Having experience working in the commercial photographic realm and his father an amateur photographer, Ethridge somehow pulls all of this into creating his own voice, something he claims is inundated in his life from growing up in the South. An evolution, partly influenced by his memory of images and partly an investigation of clichés, guides Ethridge’s work towards his fugue state of internal infiniteness. This is the beauty of his photographs, that elastic element allowing them to slip somewhere between commercial, amateur, and fine art forms. In an 2003 interview with Christine McQuade from Seeing & Writing, Ethridge commented that the ability of photographs to function in different contexts becomes almost like a little bit of the burden of photography. “It's great that it can do that, but sometimes it's hard to make judgments about images because they're so contextual. It's a nebulous area.”
The exhibition at Kreps is composed in a such a way to create micro-dialogues on each wall. By juxtaposing images next to one another he recontextualizes the individual photographs on a parts-to-whole scale. Ethridge’s images are large scale, juicy color-soaked (whether monochromatic or not) moments that play off of one another, so that again, the end result is a document where the whole is more important than the sum of its parts. However in this way it seems as if his photographs cannot stand alone, but must be grouped successfully to serve his point; he shoots dependent photography. Yet Ethridge finds a way to photograph the mundane (and blow it up in your face) in such a way to monumentalize these micro-moments from his greater theme. He mentions to McQuade how the nature of large format photography lends itself to these still objects:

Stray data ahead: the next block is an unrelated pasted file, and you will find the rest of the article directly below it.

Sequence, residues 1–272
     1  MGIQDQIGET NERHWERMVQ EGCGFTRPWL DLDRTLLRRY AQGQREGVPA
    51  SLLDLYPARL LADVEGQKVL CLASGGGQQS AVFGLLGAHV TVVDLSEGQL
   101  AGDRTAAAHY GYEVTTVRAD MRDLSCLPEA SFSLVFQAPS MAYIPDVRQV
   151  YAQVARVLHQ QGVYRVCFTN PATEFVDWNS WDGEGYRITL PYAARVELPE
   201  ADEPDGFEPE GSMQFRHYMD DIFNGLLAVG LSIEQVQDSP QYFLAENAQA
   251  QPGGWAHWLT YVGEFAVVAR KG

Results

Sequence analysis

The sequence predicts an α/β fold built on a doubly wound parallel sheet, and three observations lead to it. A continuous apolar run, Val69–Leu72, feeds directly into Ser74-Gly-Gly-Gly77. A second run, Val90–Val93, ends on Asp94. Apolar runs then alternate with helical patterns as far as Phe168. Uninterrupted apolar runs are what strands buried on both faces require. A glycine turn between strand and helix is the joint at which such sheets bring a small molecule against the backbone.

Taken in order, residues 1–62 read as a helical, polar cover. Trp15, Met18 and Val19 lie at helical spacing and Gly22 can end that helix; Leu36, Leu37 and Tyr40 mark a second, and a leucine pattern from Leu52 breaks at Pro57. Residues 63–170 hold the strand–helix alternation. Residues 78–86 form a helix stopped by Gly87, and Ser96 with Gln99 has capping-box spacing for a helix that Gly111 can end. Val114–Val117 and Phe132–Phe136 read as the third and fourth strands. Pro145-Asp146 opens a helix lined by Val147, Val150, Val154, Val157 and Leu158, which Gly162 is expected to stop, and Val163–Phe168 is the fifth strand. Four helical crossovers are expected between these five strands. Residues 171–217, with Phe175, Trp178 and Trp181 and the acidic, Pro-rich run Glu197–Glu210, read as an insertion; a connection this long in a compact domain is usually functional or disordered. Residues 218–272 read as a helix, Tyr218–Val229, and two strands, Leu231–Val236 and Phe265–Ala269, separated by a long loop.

“The scrutiny that is able to happen with that size lens and that much information is irresistible in terms of making and reading the image. It has a seductive power to transform something like a Kleenex box — an object that you'd walk pass a hundred times and wouldn't notice. Somehow with light bouncing off the object [and] recorded onto film, it turns into this other kind of thing. Recording the ordinary is also a documentary record of what things look like. That's important.”
So where is the viewer entrance into Ethridge’s self-cylcling, fugue photography? Perhaps it is in the notion of the everyday, caught somewhere between the amateur and the glossy magazine editorial aesthetic. Ethridge explains that photography ultimately never stops moving along the spectrum between the specialist and the dilettante. On one hand, everyone knows how to take a picture. You don't even need to know how to take a picture to take a picture. At the same time, it can be the most overwrought, specialized technical form. There's something about that conflict there in my own work. The dilettante is there, and the specialist is there, too. He mentions that he started to think of Rockaway as a place that would disappear, in a sense, become a relic. Given that Rockaway has the word “away” in it, it made sense to him to broaden his image scope. Ethridge sums it up best by writing that one of the reasons he became so interested in this displaced, broad scope approach is an effort to embrace the arbitrariness of the image and image making itself. “Another reason for the wild style is the dread of conclusiveness. The dread of finitude. This work is against death and finality. No that’s too byperbolic, let’s say it’s about working in the service of the image and getting my kicks too.”
Rachel Reese, 2008